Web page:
Posey's Tips & Tricks
Quick Look: Windows Phone 7.8
Brien chronicles the update process and gives his initial thoughts on the mobile OS update.
Being that I have written a book about Windows Phone 7 (and an upcoming Windows Phone 8 book) and numerous Windows Phone related articles, it should come as no surprise that I use a Windows Phone 7 device as my own personal phone. However, a rather strange chain of events forced me to perform an unauthorized upgrade to Windows Phone 7.8.
It all started last year, a few days before Halloween in what was to become one of the scariest moments in my life. My wife and I were visiting Acadia National Park in Maine. It was a rather crisp day (at least for someone who lives in the south), so we both had on winter coats. We were at an area of the park known as Thunder Hole where a walkway allowed us to walk out to some rocks in the ocean. This isn't my video, by the way.
Although it was a sunny afternoon and the ocean had been calm all day, a series or extremely large waves rushed into the area where we were standing. The waves were big enough that even though the walkway that we were standing on was at least five feet above the normal ocean level, the waves broke over our heads. We tried to get back to dry land, but one of the waves knocked me down. The next thing I knew, I was underwater (45 degree water no less). Being that I was wearing a coat, shoes, and whatever else, I knew that swimming would be extremely difficult. I clung to the railing trying not to get washed out to sea. Eventually the waves subsided and I was able to return to the safety of dry land.
Once the initial shock of the incident wore off, I realized that all of my electronics had been submerged including my Nikon and my Windows Phone 7 device. My wife's Windows Phone 7 device had also been submerged, but her coat had waterproof pockets. Even though her pockets did leak a little bit, her phone didn't get nearly as wet as mine.
We were scheduled to fly home the next day and we both decided that first thing Monday morning we needed to go to the Sprint store to get new phones (and go shopping for a new camera while we wee out). Much to my horror, Sprint no longer sold Windows phones.
Being that Sprint is planning to offer Windows Phone 8 devices in early summer, my wife agreed to get an iPhone as a temporary solution and to give me her Windows Phone. The problem was that even though her Windows Phone still worked, it had suffered damage in the ocean. The phone periodically locked up.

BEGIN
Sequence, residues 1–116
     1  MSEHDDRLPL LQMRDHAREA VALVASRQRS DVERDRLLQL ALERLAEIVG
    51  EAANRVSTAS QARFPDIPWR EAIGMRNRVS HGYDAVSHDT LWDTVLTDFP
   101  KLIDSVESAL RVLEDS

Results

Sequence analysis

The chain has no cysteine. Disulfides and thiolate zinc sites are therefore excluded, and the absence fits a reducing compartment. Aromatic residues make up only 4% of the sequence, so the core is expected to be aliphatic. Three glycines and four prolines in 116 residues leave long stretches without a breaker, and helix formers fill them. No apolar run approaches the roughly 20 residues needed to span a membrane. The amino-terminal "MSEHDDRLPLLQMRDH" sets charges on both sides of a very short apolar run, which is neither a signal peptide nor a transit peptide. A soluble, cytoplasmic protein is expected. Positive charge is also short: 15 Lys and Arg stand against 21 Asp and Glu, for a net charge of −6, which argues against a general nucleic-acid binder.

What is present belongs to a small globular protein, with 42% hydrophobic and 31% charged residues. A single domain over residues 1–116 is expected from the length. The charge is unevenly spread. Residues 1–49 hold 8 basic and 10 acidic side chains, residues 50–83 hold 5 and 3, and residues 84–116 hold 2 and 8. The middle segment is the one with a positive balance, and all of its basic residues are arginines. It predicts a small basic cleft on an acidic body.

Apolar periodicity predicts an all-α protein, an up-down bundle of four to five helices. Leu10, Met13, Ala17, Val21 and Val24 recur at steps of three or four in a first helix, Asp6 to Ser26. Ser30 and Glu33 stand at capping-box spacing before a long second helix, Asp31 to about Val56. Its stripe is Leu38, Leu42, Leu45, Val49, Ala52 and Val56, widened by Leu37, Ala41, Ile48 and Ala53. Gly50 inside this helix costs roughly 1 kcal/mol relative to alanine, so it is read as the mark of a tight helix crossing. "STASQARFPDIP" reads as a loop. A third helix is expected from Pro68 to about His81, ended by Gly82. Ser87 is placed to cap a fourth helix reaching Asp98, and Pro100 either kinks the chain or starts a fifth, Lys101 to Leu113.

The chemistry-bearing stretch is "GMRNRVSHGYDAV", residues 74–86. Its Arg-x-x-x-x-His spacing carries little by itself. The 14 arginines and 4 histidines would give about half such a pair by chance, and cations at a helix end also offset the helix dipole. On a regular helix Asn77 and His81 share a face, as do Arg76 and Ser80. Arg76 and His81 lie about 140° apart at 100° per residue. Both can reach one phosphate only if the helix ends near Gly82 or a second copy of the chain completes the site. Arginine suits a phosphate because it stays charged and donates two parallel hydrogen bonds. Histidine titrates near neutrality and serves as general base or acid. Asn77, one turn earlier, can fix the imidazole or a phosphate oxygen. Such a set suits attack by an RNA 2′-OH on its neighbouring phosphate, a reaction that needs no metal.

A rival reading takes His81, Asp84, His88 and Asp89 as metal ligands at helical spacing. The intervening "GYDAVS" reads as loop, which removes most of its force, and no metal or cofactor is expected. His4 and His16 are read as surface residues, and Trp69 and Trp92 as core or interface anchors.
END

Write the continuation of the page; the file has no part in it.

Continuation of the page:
I had hoped that over time the lockups would become less frequent as the phone dried out, but the lockups actually became more frequent over time. Last month I had the idea that perhaps loading Windows Phone 7.8 onto the device might help with the lockups. Even though Microsoft is once again making the update available, Sprint has not yet made the update available to their customers (at the time of writing).
After doing a bit of research, I discovered that Windows Phone Hacker offered a utility that would install the Windows Phone 7.8 bits onto a Windows Phone 7 device even though my cell provider had not yet made the update available. The utility worked flawlessly and within about an hour my phone had been updated.
The update preserved all of the data in my phone, and did actually make a big difference with the lockup problem.
Before I updated my phone to Windows Phone 7.8, my phone would lock up pretty much every time that I used it. I could press the power button to turn off the screen and turn it back on to clear the lock up. In doing so, I would be returned to exactly the place where I had left off, but it was still annoying. I use my phone constantly, so I was probably dealing with lockups 20 to 30 times a day.
After the update to Windows Phone 7.8 my phone still occasionally locks up, but now it only happens about twice a day. The update made a huge difference in the operating system's stability even though the hardware is presumably damaged to some extent.
I have to admit that I haven't gotten to spend a lot of time searching the OS for new features. The only obvious new feature is the Windows Phone 8 interface. In case you aren't familiar with this interface, it allows you to adjust the size of the live tiles. There are now three different sizes to choose from. The information that is displayed on a live tile is adapted to fit the size of the tile. In other words, larger tiles display more information (at least in some cases).
The new interface also provides more theme colors to choose from. More importantly, the update gets rid of the empty space to the right of the tiles that are displayed on the Start screen. This empty space, which has come to be known as "The Gutter" wastes a significant amount of screen real estate. I almost feel as if my phone has a larger display now that the gutter is gone.
Ultimately, I will be the first to admit that calling Windows 7.8 a minor update is being generous. Even so, this minor update made a big difference in my phone's usability.
Brien Posey is a 20-time Microsoft MVP with decades of IT experience. As a freelance writer, Posey has written thousands of articles and contributed to several dozen books on a wide variety of IT topics. Prior to going freelance, Posey was a CIO for a national chain of hospitals and health care facilities. He has also served as a network administrator for some of the country's largest insurance companies and for the Department of Defense at Fort Knox. In addition to his continued work in IT, Posey has spent the last several years actively training as a commercial scientist-astronaut candidate in preparation to fly on a mission to study polar mesospheric clouds from space. You can follow his spaceflight training on his Web site.